The novel's main character and an influential clan leader, Okonkwo fears becoming an unsuccessful, weak man like his father, Unoka. As a result, Okonkwo is hardworking and aggressive, traits that bring him fame and… read analysis of Okonkwo
Nwoye is Okonkwo's eldest son. Nwoye resembles his grandfather Unoka, in that he's drawn to gentleness and music, even though he recognizes that his father disapproves. This tension between Okonkwo and Nwoye leads to… read analysis of Nwoye
Ikemefuna is the ill-fated boy the Mbaino sacrifice to Umuofia in order to prevent war. Ikemefuna is unaware that his father had a hand in killing one of the daughters of Umuofia and doesn't understand… read analysis of Ikemefuna
Ezeudo is oldest man in the village and a great orator. He warns Okonkwo not to take part in the killing of Ikemefuna, but Okonkwo pays no heed. Ezeudo passes away shortly afterwards, and… read analysis of Ogbuefi Ezeudo
Ezinma is Okonkwo's eldest daughter and Ekwefi's only child to survive past infancy. Ezinma resembles her mother who was once the village beauty. She understands her father well, and he in turn wishes that she… read analysis of Ezinma
Mr. Brown, the first white missionary to travel to Umuofia, institutes a policy of respect and compromise between the church and the clansmen. He engages in long religious discussions with Akunna in order to understand… read analysis of Mr. Brown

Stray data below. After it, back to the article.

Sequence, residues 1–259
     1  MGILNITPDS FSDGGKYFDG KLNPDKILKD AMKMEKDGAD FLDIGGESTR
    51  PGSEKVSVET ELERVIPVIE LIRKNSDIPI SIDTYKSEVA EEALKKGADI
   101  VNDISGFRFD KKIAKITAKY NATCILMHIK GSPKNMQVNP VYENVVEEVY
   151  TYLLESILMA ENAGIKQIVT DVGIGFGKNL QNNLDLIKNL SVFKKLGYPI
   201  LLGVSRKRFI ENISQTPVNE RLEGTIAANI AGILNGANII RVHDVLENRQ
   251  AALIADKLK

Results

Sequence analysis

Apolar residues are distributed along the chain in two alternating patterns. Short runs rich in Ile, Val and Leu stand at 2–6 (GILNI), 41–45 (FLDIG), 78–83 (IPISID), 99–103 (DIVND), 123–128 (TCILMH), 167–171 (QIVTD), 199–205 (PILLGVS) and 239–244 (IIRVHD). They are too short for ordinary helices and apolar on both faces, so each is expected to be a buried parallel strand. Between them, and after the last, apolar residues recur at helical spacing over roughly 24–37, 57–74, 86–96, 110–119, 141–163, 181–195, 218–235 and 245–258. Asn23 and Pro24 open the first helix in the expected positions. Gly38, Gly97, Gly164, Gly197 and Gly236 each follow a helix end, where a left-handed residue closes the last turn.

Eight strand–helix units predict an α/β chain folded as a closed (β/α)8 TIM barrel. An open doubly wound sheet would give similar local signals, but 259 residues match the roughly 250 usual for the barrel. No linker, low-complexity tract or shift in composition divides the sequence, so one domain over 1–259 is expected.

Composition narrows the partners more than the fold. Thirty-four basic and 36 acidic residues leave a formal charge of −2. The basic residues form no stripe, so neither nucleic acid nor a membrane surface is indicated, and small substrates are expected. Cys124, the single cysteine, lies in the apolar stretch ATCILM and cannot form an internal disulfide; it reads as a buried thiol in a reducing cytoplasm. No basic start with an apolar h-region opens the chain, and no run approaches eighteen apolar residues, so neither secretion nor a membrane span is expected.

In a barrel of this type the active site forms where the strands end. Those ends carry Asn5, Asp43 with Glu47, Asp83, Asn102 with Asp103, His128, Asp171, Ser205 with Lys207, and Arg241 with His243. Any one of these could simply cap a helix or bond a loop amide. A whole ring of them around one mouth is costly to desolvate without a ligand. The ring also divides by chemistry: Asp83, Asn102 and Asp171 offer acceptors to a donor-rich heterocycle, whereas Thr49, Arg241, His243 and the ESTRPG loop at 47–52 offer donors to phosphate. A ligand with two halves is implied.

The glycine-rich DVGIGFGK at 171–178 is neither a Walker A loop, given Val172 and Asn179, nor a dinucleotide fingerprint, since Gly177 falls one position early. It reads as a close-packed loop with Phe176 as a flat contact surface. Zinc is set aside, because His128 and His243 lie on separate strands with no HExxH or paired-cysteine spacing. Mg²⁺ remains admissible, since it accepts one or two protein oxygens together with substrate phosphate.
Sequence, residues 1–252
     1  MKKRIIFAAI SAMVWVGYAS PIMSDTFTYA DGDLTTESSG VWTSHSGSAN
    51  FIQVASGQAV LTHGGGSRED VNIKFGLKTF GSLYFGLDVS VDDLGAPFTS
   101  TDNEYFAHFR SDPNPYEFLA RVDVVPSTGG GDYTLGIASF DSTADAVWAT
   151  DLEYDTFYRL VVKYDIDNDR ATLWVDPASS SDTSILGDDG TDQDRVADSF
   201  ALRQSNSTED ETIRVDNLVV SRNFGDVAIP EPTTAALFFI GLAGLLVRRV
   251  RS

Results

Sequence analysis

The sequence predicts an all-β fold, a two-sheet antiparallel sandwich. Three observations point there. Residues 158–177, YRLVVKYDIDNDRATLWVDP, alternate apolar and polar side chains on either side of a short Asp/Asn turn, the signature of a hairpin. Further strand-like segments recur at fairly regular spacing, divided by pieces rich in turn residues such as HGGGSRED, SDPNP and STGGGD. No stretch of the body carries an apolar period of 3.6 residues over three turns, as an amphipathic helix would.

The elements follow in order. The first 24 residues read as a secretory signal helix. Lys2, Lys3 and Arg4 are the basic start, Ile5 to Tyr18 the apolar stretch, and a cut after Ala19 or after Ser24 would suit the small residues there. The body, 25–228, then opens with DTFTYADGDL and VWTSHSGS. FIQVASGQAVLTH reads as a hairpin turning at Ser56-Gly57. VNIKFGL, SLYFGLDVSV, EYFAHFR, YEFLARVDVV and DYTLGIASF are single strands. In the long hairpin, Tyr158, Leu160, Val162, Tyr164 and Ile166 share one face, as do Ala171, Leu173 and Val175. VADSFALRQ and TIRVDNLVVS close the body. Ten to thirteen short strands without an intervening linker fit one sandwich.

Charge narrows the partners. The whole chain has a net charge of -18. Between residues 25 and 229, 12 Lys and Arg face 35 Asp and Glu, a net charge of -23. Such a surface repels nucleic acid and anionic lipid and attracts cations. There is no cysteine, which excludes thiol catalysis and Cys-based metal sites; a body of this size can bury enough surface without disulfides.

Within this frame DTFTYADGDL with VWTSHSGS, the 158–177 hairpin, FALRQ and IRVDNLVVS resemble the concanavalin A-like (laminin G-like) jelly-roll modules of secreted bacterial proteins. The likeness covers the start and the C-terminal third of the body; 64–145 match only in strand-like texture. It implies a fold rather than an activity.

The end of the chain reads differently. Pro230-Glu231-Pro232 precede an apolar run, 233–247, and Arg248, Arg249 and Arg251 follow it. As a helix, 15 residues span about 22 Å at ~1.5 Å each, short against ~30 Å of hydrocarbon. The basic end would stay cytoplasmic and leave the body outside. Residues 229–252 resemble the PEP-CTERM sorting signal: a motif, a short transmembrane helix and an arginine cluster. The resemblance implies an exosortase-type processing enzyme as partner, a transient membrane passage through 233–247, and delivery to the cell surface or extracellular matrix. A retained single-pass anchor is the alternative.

Reverend James Smith
Reverend Smith replaces Mr. Brown after the latter departs for health reasons. Unlike Mr. Brown, Reverend Smith is impatient and strict, showing no respect for indigenous customs or culture. He criticizes the way Mr. Brown… read analysis of Reverend James Smith
The District Commissioner shows up in Umuofia after Okonkwo murders a white man towards the end of the novel. The District Commissioner plans to write a book on his experiences in Nigeria, and the title… read analysis of District Commissioner
Unoka is Okonkwo's father. Though a talented musician in life, he was also lazy and irresponsible, accumulating many debts. Unoka dies a shameful death, still in debt and without title. His death haunts Okonkwo, who vows to hate everything that his father loved, including gentleness and idleness.
Obierika is Okonkwo's close friend. He questions clan tradition at times, choosing not to take part in the killing of Ikemefuna, for example, and wondering why Okonkwo's accidental crime should merit exile for seven years. He helps Okonkwo by selling his yams and visiting him in exile.
Akunna, a respected man of the clan, discusses religious beliefs with Mr. Brown. During these discussions, Akunna brings up some striking similarities between their methods of worship.
Uchendu is the younger brother of Okonkwo's mother. Uchendu attempts to reassure Okonkwo after he arrives with his family in Mbanta, advising him to be grateful for the comfort his motherland offers.
Enoch is a fanatical convert to the Christian church in Umuofia. While Mr. Brown disapproves of Enoch's blatant disrespect for Igbo traditions, Reverend Smith encourages Enoch's provocative behavior.
Chielo is a widow who also serves as a priestess in Umuofia. She is dedicated to the Oracle of the goddess Agbala. Chielo is friends with Ekwefi and cares for Ezinma, whom she calls “my daughter.”
Nwakibie, a wealthy clansman, lends Okonkwo 800 seed-yams when Okonkwo is still young, helping him build the beginnings of his personal wealth and status. However, the year that Nwakibie lends Okonkwo the seed-yams turns out to be the worst year for harvest in living memory.